A private channel Channel 4 will stick to licensing requirements but will not “adopt its spirit”, its chief content officer said.
The sale plans were set out in a white paper on Thursday, which says ‘the rights owner will provide further investment and support Channel 4’s role in delivering the public good’.
However, Ian Katz, Channel 4’s chief content officer, claimed the broadcaster would “have no incentive” to make the commitments it currently makes under public ownership and will mark the opposite of the upgrade.
Speaking at the Creative Cities Convention in Birmingham on Thursday, he said: ‘They would be more focused on their own shareholders than creating value for the British people, wouldn’t open offices in places like Leeds, Glasgow and Bristol and wouldn’t spend a pound more on independent producers than they had to.
“In reality, we know that a profit-driven Channel 4 would be pushed inexorably towards the same old tried-and-true formats, the same old topics, the same old talent, the same old producers.”
In his speech, Mr Katz suggested that a private Channel 4’s mandate to take creative risks, champion new talent and represent unknown voices would be “different”.
He said: “On Sunday, three Channel 4 shows won awards, including six at the Bafta Craft Awards.
“Russell T Davies’ AIDS-era masterpiece It’s A Sin; We Are Lady Parts, a wacky comedy about an all-female Muslim punk band created by first-time writer Nida Manzoor; and Grenfell: The Untold Story, an account of the disaster through the eyes of locals.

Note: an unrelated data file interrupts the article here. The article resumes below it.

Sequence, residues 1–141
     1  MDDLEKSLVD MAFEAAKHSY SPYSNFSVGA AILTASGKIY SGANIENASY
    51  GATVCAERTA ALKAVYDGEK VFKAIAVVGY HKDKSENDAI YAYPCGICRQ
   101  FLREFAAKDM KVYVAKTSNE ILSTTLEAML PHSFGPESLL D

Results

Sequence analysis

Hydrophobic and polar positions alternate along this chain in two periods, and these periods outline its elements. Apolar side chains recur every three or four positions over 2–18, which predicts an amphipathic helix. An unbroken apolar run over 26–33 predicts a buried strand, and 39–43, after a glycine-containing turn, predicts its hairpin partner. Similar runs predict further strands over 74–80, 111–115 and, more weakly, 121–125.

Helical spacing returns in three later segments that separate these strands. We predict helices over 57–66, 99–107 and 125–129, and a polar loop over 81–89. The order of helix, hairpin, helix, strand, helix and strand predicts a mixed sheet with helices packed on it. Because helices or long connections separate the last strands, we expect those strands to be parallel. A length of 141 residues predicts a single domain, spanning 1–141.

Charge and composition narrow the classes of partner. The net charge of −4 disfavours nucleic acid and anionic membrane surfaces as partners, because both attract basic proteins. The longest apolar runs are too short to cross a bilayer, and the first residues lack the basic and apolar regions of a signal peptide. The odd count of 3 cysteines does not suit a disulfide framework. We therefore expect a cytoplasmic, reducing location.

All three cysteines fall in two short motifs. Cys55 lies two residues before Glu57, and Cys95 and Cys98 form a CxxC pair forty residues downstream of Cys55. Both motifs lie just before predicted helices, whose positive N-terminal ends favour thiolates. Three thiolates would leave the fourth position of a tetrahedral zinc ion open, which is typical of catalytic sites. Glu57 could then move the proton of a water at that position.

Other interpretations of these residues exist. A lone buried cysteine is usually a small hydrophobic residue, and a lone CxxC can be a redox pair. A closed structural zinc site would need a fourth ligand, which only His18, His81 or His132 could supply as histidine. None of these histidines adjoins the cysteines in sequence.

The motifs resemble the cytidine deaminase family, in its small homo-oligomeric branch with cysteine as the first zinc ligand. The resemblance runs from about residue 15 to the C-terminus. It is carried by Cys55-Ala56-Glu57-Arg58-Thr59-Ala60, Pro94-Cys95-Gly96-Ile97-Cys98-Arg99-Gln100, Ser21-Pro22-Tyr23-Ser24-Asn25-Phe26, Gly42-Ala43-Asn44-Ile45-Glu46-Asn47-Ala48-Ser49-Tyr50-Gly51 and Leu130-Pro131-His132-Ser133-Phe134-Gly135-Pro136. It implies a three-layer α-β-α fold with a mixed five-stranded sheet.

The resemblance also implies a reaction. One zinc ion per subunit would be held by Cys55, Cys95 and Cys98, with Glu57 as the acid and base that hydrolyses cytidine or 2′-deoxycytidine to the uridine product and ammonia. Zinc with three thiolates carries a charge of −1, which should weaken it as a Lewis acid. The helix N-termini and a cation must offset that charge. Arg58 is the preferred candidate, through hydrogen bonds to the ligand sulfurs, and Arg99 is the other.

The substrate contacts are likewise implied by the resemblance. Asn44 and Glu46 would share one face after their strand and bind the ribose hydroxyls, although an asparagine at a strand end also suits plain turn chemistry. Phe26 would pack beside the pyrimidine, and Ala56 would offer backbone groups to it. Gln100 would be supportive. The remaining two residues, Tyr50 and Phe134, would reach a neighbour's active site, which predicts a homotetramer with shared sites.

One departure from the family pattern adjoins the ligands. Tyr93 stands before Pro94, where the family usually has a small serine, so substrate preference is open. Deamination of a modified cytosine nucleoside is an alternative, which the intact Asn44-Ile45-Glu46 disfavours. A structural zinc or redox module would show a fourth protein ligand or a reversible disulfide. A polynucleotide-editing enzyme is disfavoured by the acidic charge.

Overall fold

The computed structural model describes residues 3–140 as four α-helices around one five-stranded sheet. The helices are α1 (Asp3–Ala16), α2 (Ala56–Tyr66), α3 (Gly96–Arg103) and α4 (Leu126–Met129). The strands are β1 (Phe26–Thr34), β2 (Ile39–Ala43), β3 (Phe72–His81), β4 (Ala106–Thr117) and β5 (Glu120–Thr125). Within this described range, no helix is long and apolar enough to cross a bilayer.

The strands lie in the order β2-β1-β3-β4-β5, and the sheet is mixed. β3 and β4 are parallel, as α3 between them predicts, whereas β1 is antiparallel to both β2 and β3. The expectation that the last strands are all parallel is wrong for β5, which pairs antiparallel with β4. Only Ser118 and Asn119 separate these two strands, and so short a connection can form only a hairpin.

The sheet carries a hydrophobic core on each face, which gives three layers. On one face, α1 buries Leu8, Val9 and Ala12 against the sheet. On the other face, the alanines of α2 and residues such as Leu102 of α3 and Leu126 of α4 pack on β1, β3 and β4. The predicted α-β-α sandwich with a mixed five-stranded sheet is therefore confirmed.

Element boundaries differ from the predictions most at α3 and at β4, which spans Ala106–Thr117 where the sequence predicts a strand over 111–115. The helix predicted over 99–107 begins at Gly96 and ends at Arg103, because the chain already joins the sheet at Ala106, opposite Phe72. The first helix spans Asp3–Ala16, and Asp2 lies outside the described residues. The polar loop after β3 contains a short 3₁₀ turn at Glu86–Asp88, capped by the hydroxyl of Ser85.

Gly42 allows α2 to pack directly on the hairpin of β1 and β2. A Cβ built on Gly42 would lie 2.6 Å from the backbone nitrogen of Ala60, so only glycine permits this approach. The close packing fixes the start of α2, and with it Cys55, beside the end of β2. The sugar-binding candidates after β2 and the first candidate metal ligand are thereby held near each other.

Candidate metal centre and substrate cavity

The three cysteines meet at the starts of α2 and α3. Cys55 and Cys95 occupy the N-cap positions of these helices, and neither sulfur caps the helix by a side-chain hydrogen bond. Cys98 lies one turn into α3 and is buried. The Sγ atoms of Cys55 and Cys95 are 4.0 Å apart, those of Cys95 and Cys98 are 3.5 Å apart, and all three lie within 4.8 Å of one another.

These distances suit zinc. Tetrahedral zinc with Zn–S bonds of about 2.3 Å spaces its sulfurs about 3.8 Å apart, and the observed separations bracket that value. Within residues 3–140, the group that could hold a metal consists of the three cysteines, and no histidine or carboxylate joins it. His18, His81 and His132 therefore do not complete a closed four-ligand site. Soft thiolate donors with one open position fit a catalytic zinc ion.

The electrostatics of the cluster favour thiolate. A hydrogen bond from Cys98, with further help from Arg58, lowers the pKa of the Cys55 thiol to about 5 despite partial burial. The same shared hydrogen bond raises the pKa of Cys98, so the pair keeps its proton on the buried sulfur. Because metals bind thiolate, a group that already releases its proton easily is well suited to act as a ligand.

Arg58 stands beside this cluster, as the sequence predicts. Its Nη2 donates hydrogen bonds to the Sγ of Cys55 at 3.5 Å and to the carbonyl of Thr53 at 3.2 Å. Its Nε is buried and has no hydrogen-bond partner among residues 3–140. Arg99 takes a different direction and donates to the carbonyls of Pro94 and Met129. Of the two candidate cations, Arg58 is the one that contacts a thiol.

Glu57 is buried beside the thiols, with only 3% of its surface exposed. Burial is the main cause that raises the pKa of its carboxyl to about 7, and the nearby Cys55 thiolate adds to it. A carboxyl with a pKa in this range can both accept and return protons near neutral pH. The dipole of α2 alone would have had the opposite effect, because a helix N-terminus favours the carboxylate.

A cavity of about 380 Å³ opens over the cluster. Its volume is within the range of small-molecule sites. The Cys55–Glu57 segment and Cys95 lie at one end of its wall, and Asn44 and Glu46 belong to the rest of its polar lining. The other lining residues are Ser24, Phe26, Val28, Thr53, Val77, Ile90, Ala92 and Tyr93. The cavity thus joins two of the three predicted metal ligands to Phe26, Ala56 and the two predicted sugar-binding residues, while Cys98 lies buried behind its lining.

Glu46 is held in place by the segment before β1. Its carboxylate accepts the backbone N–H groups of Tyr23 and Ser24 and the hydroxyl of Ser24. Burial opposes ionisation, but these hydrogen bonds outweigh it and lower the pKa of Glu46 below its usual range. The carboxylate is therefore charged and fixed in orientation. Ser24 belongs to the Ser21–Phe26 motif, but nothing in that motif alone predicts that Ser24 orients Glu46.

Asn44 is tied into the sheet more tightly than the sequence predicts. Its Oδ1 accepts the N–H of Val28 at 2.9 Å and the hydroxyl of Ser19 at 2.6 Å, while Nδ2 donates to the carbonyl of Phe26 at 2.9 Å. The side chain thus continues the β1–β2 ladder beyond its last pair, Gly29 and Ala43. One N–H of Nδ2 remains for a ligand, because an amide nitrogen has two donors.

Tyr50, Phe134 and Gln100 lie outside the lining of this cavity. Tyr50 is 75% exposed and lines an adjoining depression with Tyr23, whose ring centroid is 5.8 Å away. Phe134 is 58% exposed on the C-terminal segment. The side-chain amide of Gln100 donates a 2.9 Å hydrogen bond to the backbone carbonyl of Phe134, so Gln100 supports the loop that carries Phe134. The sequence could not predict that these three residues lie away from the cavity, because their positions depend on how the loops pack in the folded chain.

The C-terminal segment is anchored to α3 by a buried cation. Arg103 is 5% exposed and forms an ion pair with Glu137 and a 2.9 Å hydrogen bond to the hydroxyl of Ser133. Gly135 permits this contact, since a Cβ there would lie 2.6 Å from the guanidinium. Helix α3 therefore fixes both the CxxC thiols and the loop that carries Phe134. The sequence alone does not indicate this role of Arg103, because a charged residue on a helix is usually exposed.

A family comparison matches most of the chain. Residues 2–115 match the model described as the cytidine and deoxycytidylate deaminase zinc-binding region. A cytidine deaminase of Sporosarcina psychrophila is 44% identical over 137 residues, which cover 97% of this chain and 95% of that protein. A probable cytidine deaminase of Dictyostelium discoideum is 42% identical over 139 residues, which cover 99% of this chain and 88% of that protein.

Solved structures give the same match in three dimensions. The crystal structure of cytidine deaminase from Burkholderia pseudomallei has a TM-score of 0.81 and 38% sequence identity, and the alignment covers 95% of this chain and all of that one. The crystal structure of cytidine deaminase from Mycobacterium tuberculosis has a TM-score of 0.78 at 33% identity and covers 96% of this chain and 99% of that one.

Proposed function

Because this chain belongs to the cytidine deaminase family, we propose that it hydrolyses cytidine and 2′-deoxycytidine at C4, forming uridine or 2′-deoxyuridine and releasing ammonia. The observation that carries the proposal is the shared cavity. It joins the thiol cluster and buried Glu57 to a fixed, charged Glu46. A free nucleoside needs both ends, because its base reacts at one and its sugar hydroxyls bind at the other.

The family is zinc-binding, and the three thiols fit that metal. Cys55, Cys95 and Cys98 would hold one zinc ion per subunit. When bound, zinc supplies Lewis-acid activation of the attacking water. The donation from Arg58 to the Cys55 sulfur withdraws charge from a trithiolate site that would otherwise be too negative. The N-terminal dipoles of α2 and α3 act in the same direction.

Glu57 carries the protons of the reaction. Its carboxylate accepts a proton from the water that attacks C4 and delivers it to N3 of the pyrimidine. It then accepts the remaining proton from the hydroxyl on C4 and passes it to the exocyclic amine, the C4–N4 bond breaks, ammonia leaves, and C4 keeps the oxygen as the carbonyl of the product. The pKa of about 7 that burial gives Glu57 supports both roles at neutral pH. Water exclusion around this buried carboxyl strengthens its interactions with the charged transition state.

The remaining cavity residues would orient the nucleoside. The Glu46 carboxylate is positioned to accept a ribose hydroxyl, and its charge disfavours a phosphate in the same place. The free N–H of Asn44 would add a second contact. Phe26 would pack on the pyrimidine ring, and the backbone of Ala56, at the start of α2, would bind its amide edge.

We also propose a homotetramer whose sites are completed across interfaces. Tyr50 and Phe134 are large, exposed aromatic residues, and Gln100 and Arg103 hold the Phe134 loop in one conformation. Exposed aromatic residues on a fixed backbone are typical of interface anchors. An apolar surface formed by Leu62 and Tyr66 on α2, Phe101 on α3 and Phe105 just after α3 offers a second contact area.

“I don’t think a for-profit channel would have commissioned any of these shows.”
The white paper stated that under private ownership, Channel 4 would be required to spend 25% of its budget with independent producers.
Mr Katz said: “Given that we typically spend around £400m with UK producers, that means a private channel 4 could spend at least £300m less in the independent sector.
“Believe me, this new owner would have a whole room full of accountants and lawyers trying to find a way to meet the letter of this law, not embrace the spirit of it like we are doing right now.”
Mr Katz added that currently 66% of TV hours created by Channel 4 were commissioned by nations and regions, almost double the licensing requirement of 35%.
“Would a new private owner buying Channel 4 in search of ‘synergies’ and ‘deduplication’ commission 66% – at a higher cost to its shareholders – or commission 35% and not a minute more?”
“A Channel 4 that only met its existing licensing requirements would have spent £86m less on London productions last year.
“The pursuit of profit is why parts of Britain became creative wastelands in the 1990s and 00s when commercial television abandoned local production in favor of centralisation.
“It’s not the fault of any particular company, it’s just what happens when profit is the north star of your decision-making.”
Mr Katz concluded that he hoped Channel 4 would continue to play a “central role” in the “great decentralization” of the television industry and a “central role in our national life”.